6 December 2007 Thursday of the 1st Week of Advent
Isaiah 26, 1-6; Matthew 7, 21, 24-27
The readings today are about strong foundations. The book of Isaiah says, “the city of the Lord is built on rock”, and therefore no enemy can destroy it. In Jerusalem, there is a famous landmark called, the Dome of the Rock, especially significant for the Muslims. Under the Dome is a rock that carries with it various stories and tradition. It is said that Muhammad in AD 621 went to heaven at night in the spot of the rock, accompanied by the angel Gabriel. He met in heaven Abraham and Moses. There he was given the prayers many Muslims now recite with devotion. In Judaism, the stone is where Abraham fulfilled his promise to sacrifice Isaac (in Jewish-Christian tradition) or Ishmael (in Islamic tradition). It is also in this rock that many scholars believed to be where the Holy of Holies was upon which they have placed the Ark of the Covenant. Priests offered incense and sprinkled blood on this stone. Furthermore, Christian history tells us that during the Byzantine period, Helen, Constantine’s mother, built a small church dedicated to Sts. Cyrus and John. There is also a legend that says that the whole world was built on this stone: thus, we call it the foundation stone. However varied the significance, they are all experiences of God.
In other words, the readings invite us to reflect on our “foundation stones or experiences” --- the principles on which we have built our lives. These are our non-negotiable principles that we would staunchly value. In my class in Theology, I asked my students to reflect on just one primary principle in their lives (aside from God), and many of them said they value their family above all other things. This principle has been wrought from personal, family or community experiences.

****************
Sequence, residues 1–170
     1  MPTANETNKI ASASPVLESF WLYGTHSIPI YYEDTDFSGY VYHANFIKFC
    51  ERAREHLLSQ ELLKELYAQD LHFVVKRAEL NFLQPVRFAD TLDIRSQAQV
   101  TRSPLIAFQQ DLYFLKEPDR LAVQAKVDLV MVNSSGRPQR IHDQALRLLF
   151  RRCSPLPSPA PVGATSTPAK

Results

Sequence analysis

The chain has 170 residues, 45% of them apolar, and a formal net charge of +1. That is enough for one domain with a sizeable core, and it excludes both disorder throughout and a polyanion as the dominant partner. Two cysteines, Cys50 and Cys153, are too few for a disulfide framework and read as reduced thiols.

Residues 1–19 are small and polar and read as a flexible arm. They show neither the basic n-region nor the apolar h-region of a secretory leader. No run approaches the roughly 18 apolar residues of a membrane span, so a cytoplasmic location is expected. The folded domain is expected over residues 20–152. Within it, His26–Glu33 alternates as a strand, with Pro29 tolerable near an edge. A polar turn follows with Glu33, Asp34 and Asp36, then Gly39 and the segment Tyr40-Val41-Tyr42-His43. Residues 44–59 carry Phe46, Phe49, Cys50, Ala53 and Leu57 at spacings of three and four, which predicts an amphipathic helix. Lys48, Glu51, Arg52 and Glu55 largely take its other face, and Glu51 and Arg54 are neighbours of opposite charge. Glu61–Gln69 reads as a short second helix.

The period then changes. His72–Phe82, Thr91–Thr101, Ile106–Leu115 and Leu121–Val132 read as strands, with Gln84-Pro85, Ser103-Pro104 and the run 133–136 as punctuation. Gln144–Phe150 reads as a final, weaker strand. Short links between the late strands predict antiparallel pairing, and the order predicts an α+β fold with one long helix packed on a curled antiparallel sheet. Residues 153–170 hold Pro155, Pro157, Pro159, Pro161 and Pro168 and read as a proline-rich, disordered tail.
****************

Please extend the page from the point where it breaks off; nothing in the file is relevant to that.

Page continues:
Second, we can reflect on appropriate behavior and actions that confirm this principle. For example, having the family as top priority, my students said that they would make it a point to eat together at breakfast and dinner every day.
Third, we can reflect also on how we celebrate and mark these principles. What specific and concrete events do you keep that illustrate the value of family? My students listed down Sunday mass and lunch together, celebrating birthdays and anniversaries, and a summer and holiday weekend together.
By these three aspects, we build our lives and the lives of generations on it. Families are stronger when these principles are taught, lived and celebrated. Personal experience and history confirmed that families who value their relationships have weathered storms.
The same way with faith. Churches built on stone prevail.